U.S. pork processors face higher costs, slower speeds after court ruling

(Dave Bedard photo)

Chicago | Reuters — An industry group representing America’s biggest meatpackers on Thursday pushed the U.S. Department of Agriculture to appeal a federal court decision that canceled an agency rule that allows pork plants to slaughter pigs more quickly.

The decision issued Wednesday in U.S. District Court in Minnesota could raise costs for meatpackers like Seaboard Foods and Clemens Food Group and slow meat production after COVID-19 outbreaks in slaughterhouses limited output last year.

A lawsuit brought against USDA by the United Food and Commercial Workers Union had challenged the 2019 rule, arguing that faster slaughter speeds undermined worker safety.

A federal judge said there was no evidence the Trump era rule had evaluated worker safety. USDA says it is evaluating the decision.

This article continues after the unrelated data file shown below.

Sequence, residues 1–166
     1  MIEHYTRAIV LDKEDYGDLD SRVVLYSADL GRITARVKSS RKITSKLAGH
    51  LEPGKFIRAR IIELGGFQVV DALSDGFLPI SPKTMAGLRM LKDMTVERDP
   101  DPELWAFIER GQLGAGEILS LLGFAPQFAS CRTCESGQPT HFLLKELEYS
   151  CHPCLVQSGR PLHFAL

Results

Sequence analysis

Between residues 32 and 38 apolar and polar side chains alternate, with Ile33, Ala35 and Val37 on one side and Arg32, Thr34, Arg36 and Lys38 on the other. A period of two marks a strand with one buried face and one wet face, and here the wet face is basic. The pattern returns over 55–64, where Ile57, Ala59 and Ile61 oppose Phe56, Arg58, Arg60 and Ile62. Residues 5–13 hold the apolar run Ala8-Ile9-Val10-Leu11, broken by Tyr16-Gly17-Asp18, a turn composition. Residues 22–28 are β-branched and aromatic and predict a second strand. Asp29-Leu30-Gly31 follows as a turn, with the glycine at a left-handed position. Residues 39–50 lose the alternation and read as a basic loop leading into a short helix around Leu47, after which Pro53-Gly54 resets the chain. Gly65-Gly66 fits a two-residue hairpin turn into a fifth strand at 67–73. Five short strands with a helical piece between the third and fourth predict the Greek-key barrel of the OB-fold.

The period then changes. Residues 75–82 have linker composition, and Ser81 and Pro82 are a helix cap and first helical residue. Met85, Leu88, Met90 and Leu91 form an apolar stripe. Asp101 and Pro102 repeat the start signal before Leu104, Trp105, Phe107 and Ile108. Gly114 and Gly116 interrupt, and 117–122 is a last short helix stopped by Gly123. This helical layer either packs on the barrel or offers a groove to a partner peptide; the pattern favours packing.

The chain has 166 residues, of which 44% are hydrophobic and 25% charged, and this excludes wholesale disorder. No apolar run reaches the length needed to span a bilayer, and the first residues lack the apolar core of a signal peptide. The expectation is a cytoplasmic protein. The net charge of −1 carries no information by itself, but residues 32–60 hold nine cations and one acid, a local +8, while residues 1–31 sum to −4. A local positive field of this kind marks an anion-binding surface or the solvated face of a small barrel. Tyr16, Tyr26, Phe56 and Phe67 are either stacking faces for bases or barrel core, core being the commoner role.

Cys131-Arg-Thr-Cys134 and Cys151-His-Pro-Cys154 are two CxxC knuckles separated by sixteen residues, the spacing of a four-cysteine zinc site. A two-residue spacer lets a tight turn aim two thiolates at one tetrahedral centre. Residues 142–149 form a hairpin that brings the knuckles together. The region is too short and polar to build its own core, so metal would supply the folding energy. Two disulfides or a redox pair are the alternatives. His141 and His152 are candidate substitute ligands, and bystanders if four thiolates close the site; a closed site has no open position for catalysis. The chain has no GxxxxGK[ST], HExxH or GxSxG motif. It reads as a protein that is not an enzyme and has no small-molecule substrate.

The North American Meat Institute, which represents meat companies, said it was disappointed in the verdict. The institute has argued that line-speed increases have not correlated with increased injury rates.

“We would like to see the agency appeal and ask for a stay,” the institute said.

Seaboard Foods, the second-biggest U.S. pig producer after Smithfield Foods, sped up its Guymon, Oklahoma, pork plant last year, becoming the first company to operate under the new rule. Workers told Reuters the faster line speeds increased injuries at the plant.

Seaboard did not immediately respond to requests for comment on Thursday.

The rule change allowed pork plants to slaughter as fast as they want, as long as they prevent fecal contamination and minimize bacteria. The U.S. court stayed its decision to vacate the rule for 90 days, giving companies and the Biden administration time to adapt.

The elimination of line speeds was part of the New Swine Inspection System, which also lets pork plants use some company inspectors instead of USDA ones.

Tyson Foods will press ahead with plans to implement the system over the coming months at plants in Madison, Nebraska, and Perry, Iowa, spokeswoman Liz Croston said. The company is focused on modernizing inspections and food safety, not line speeds, she said.

— Tom Polansek reports on agriculture and ag commodities for Reuters from Chicago.

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